Marijuana is still an illicit drug in the eyes of the federal government, even as more states legalize its use.
The contradictory laws have led to an “intolerable” situation, U.S. Attorney General William Barr recently told Congress, and it appears congressional Republicans, including 1st Congressional District Rep. Bryan Steil, are softening their stance on the psychoactive plant.
“Personally, I would still favor one uniform federal rule against marijuana, but if there is not sufficient consensus to obtain that, then I think the way to go is to permit a more federal approach so states can make their own decisions … so we’re not just ignoring the enforcement of federal law,” Barr said at a Senate hearing this month.
When Steil was asked during the election campaign about medical marijuana, he said he could see benefits but expressed concern about the drug falling into the hands of teens and other recreational users.
When asked this week about Barr’s comment, Steil’s office issued a statement, saying he has voted for a measure that would help marijuana companies in states where it is legal.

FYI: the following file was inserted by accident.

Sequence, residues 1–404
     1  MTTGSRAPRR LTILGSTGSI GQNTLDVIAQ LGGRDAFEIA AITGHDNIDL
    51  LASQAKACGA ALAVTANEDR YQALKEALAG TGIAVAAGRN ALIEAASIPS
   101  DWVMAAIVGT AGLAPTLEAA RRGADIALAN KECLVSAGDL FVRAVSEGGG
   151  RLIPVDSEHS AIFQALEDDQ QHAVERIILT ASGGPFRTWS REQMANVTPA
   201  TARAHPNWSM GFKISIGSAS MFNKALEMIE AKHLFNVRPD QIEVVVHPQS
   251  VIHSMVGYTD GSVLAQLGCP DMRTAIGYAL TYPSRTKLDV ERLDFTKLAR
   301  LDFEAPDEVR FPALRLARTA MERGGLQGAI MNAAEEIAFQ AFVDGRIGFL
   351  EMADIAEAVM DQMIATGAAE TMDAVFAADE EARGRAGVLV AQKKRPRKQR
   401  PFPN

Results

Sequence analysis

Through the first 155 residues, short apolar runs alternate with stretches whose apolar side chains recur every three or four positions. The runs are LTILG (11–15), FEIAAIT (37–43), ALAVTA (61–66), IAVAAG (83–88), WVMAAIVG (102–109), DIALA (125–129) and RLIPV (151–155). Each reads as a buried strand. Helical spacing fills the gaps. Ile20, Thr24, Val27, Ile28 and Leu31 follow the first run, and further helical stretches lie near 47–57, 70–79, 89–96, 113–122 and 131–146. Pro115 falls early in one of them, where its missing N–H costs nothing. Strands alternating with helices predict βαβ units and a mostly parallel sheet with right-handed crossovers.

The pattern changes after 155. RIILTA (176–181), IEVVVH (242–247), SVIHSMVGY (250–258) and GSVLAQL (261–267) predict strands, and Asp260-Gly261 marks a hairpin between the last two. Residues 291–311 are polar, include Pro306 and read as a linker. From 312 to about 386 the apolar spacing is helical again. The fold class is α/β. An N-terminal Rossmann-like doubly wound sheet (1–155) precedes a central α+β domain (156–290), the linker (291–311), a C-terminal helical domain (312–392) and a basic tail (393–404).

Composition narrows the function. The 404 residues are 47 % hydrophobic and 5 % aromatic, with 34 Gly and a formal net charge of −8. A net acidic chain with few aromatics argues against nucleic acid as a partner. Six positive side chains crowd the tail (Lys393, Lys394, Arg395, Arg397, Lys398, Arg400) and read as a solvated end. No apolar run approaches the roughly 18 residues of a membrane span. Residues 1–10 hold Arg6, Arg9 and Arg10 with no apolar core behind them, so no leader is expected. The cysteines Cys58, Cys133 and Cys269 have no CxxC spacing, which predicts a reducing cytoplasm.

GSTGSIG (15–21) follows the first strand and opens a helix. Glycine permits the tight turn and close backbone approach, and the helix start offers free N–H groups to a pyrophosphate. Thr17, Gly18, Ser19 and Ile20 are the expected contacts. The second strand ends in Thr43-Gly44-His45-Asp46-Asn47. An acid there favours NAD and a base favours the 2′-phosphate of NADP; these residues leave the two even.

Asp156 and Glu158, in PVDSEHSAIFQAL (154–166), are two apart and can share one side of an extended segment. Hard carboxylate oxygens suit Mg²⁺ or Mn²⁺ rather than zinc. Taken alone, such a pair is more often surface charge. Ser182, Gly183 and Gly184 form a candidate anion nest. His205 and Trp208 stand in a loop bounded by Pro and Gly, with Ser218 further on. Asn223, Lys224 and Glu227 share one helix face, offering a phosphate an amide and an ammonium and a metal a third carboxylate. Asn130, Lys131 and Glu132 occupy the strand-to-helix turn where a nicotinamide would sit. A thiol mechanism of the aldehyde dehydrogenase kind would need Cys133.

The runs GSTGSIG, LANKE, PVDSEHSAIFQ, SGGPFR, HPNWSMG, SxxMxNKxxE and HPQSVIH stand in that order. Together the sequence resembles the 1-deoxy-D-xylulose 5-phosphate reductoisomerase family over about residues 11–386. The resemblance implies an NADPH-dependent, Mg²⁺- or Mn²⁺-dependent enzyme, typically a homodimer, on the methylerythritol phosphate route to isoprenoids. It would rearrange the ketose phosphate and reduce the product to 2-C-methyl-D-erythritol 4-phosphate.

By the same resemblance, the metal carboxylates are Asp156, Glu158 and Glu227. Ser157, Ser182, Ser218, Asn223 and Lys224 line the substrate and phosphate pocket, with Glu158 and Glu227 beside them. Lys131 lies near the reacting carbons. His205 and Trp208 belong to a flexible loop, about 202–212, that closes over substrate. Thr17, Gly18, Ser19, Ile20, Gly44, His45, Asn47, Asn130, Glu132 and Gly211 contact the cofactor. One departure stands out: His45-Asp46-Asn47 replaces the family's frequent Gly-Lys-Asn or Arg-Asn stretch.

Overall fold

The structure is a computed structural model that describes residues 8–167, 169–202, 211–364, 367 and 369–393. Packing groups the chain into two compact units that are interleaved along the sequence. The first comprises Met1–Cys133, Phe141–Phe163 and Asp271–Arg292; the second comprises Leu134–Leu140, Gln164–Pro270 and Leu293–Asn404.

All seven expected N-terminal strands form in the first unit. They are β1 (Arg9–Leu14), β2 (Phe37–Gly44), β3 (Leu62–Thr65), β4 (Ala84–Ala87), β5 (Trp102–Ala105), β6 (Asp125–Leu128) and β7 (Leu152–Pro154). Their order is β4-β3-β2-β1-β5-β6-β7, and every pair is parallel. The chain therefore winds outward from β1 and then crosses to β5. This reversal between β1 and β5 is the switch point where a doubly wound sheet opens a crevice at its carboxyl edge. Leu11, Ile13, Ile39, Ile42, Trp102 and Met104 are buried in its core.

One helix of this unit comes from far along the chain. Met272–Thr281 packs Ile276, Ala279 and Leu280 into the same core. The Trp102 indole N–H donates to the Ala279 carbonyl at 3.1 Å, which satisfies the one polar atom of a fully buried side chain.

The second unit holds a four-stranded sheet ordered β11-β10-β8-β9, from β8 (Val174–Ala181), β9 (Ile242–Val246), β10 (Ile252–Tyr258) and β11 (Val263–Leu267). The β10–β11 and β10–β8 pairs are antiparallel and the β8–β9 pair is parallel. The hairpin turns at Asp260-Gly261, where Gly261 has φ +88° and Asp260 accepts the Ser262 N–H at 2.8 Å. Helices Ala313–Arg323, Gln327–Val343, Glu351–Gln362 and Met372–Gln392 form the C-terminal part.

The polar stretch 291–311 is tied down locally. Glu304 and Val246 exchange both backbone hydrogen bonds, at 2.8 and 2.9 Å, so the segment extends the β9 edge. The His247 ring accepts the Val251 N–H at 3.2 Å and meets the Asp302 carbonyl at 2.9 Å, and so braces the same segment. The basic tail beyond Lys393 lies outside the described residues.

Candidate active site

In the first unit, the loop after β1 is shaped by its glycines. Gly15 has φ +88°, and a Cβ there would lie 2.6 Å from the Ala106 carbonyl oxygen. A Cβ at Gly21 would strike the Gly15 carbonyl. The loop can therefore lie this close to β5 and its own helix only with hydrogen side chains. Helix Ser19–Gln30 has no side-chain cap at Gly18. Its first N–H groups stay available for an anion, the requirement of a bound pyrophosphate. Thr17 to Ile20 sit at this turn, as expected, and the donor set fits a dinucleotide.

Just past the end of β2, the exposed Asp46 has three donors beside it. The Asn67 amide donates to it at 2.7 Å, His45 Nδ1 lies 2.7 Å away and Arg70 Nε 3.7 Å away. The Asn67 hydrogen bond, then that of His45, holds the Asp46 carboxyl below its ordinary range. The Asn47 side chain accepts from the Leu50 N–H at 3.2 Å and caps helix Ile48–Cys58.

Federal law has kept cannabis businesses from using banks, resulting in the widespread use of cash and resulting costs to guard the money.
Steil supports a bipartisan effort to fix that problem.
“In March, I supported a bill in the (House) Financial Services Committee to clarify that businesses legally selling cannabis products in accordance with state laws are allowed access to banking services,” Steil said. “This bipartisan legislation, the SAFE Banking Act, is meant to address safety, tax compliance and even money laundering concerns.”
The full House has not voted on the bill.
Steil did not comment on other congressional efforts to protect legal-cannabis states from federal intervention.
It was unclear how far Steil is willing to go.
“I’ll continue working to protect the public and law-abiding businesses as legislators, law enforcement, federal regulators and others continue to sort through these conflicts,” Steil said.
Rep. Mark Pocan, D-2nd District, did not respond to a request for comment. Last year, he supported legislation that would have prohibited the use of federal resources to interfere with medical and recreational marijuana activities in states where these are legal.